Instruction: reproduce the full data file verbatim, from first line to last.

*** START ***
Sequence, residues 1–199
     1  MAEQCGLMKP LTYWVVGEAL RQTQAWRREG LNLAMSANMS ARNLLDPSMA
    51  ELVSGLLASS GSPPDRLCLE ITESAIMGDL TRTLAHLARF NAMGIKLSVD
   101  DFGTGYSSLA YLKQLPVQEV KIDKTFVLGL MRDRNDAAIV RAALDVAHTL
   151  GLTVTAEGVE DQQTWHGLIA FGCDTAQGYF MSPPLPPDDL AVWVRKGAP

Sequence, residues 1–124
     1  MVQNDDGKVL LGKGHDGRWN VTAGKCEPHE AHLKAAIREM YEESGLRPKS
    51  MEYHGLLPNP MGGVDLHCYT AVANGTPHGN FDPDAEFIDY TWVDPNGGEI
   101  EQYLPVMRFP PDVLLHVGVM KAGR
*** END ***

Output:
Sequence, residues 1–199
     1  MAEQCGLMKP LTYWVVGEAL RQTQAWRREG LNLAMSANMS ARNLLDPSMA
    51  ELVSGLLASS GSPPDRLCLE ITESAIMGDL TRTLAHLARF NAMGIKLSVD
   101  DFGTGYSSLA YLKQLPVQEV KIDKTFVLGL MRDRNDAAIV RAALDVAHTL
   151  GLTVTAEGVE DQQTWHGLIA FGCDTAQGYF MSPPLPPDDL AVWVRKGAP

Sequence, residues 1–124
     1  MVQNDDGKVL LGKGHDGRWN VTAGKCEPHE AHLKAAIREM YEESGLRPKS
    51  MEYHGLLPNP MGGVDLHCYT AVANGTPHGN FDPDAEFIDY TWVDPNGGEI
   101  EQYLPVMRFP PDVLLHVGVM KAGR